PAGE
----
March 29, July 29, November 28

From the first of October to the beginning of Lent, monks ought to devote themselves to reading until the end of the second hour. At this time Terce is said and they are to work at their assigned tasks till None. At the first signal for the hour of None, all put aside their work to be ready for the second signal. Then after their meal they will devote themselves to their reading or to the psalms.

During the days of Lent, they should be free in the morning to read until the third hour, after which they will work at their assigned tasks until the end of the tenth hour. During this time of Lent each one is to receive a book from the library, and is to read the whole of it straight through. These books are to be distributed at the beginning of Lent.

Above all, one or two seniors must surely be deputed to make the rounds of the monastery while the monks are reading. Their duty is to see that no monk is so apathetic as to waste time or engage in idle talk to the neglect of their reading, and so not only harm themselves but also distract others. If such a monk is found – God forbid – they should be reproved a first and a second time. If they do not amend, they must be subject to the punishment of the rule as a warning to others. Furthermore, monks ought not to associate with one another at inappropriate times.   

Benedict continues to provide guidance for a balance between prayers, the physical activity of labor, the importance of reading, and rest. All four are like the legs of a stool, and in all four the divine life lives and moves. If we are not reading enough, one leg of the stool is shorter than the others; no reading at all and the stool is missing a leg. The balance and function of personal and communal life depends on the presence of all four legs.

Reading expands the mind, it exposes us to new ideas, as well as providing support and comfort. The teachers and contemplatives of times past, as well as current, having been moved to write, to hand on to us the ways divinity and humanity relate and commune. Their words can give context and support to the ways that grace and community come together. As we read our hearts can sing, and we can be challenged to move deeper into a human and spiritual life. Therefore, Benedict asks that we read a little more during Lent. 

Benedict encourages a kind of reading in which the whole of us is more receptive, a wholistic approach that is consciously inclusive of what the divine life may want to do with us through the reading itself. This approach is called Lectio Divina, or Sacred Reading (see chapter 11). It is a way of reading that need not be limited to scripture. Maybe a word or a sentence from a novel, a book of poetry, or other writing will impact us in the same way.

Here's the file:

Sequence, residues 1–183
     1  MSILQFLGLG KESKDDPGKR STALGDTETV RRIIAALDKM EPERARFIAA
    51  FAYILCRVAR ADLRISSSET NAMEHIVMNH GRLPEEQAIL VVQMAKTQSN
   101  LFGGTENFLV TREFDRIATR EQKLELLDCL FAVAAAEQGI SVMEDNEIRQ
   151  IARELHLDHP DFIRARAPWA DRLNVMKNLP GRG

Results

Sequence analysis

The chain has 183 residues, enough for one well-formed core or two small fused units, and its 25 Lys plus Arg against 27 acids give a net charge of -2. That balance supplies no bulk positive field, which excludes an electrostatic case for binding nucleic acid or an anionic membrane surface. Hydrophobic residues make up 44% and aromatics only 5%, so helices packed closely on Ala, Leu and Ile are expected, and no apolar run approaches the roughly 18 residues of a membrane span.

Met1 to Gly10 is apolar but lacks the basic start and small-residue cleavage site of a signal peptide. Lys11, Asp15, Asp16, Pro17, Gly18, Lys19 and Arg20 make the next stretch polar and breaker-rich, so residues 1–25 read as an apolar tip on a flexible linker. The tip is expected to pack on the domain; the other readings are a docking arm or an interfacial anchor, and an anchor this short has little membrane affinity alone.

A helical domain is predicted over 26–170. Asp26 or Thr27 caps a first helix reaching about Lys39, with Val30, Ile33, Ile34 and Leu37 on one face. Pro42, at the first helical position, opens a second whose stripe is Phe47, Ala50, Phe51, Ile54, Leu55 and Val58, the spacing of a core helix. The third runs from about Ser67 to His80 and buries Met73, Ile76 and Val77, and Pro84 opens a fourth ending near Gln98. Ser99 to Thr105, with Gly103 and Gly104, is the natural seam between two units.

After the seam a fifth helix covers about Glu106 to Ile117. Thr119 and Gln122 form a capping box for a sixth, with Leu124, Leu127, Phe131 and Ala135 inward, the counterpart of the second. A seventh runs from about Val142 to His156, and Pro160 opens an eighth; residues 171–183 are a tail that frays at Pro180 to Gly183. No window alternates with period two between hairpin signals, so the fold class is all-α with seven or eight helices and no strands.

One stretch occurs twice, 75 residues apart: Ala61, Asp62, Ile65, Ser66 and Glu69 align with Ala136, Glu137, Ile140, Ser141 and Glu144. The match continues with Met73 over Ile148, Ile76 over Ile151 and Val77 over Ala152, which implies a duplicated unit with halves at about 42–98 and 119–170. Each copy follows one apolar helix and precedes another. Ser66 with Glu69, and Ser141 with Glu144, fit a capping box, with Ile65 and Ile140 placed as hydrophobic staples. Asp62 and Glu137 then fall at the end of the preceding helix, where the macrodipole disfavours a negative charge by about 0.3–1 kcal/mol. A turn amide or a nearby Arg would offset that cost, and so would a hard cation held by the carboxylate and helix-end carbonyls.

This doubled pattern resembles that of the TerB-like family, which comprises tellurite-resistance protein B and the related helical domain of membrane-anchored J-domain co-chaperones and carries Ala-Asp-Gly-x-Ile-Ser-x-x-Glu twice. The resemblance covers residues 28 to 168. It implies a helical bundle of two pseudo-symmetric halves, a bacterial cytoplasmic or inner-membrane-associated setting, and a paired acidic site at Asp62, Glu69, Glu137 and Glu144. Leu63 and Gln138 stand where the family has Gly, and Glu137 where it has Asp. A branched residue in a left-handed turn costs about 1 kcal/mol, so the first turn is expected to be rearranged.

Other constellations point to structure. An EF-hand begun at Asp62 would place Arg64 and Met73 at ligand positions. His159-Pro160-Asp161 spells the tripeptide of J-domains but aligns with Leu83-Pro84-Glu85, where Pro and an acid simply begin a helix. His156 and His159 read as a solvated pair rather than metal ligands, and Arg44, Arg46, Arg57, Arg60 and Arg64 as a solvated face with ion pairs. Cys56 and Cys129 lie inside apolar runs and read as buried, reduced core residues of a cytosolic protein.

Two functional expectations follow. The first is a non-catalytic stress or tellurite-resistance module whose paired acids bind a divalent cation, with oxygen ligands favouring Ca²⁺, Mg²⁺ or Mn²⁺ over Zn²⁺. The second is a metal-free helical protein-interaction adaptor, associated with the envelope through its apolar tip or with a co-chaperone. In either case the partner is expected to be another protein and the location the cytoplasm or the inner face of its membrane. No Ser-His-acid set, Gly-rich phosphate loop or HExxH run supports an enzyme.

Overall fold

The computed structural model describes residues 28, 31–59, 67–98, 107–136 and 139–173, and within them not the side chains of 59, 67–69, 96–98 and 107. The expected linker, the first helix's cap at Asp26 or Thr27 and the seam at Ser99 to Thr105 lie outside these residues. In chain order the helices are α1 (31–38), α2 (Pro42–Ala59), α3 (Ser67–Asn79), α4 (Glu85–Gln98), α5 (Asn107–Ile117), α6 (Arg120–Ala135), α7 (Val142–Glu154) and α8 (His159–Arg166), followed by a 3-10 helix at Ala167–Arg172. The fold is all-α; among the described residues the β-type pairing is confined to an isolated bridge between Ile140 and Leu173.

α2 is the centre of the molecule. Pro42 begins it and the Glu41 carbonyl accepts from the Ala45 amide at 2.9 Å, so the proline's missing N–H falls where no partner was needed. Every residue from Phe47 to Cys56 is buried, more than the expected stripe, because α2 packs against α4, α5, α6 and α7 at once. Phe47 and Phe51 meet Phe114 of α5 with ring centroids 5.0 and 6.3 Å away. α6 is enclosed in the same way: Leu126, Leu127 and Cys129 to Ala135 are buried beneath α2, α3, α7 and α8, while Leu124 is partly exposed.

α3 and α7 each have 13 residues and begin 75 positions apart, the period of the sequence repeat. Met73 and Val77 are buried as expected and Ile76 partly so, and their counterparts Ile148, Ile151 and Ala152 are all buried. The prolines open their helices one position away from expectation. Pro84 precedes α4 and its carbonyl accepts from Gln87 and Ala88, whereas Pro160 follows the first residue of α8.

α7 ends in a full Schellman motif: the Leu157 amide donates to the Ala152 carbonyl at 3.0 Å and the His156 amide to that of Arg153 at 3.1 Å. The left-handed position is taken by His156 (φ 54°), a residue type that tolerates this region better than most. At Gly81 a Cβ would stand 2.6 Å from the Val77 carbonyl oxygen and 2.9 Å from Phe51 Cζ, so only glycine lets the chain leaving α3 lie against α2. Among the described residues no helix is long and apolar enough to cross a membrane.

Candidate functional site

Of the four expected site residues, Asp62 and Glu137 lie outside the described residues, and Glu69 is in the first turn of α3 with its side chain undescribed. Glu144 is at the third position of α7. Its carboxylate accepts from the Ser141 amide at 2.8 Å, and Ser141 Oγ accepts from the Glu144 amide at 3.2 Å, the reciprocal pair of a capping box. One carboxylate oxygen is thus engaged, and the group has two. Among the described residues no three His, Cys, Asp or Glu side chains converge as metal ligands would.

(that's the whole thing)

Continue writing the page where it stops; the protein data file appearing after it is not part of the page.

Of course, there are different types of reading. We can read purely for information, reading that has more of an intellectual focus. The spiritual and human life does not, of course, preclude this. Too much of this type though can leave us dry, unchallenged, somehow disengaged from our deeper selves.  

Commitment to this four-way of reading and prayer, labor and rest is the rule’s guidance in the avoidance of the extremes of laziness and willfulness. A balanced life is in the best place to be willing and responsive to what is now, and the God in the now. Our challenge is to live something of this balance in a world that does not hold it as important. We have bills to pay, work to do, children to raise. And yet the Spirit is alive in all this calling us to live a balance that the rule provides practical guidance for. We live in a world that focuses on labor, and we have been shaped by this system. In the practicality of our lives how can we re-balance and sit comfortably on this four-legged stool that Benedict provides?   

Like the communal elders of old, the Spirit of the rule does the rounds of our lives, encouraging us into balance. In this we discover that the rule is not autocratic. The rule is careful to be empathic and kind, treading lightly and consistently with the Holy Spirit. Today our elders might be that aunt, that teacher, that parent, that partner, that community member who, as an authored presence, are being enough of themselves to lovingly guide others in the daily of what is important.  

May the Lord fill you to overflowing with love for each other and for all, just as our love for you overflows. And may he so confirm your hearts in holiness that you may be blameless in the sight of our God and Father at the coming of our Lord Jesus Christ with all his saints. (1 Thessalonians 3:12-13, RNJB)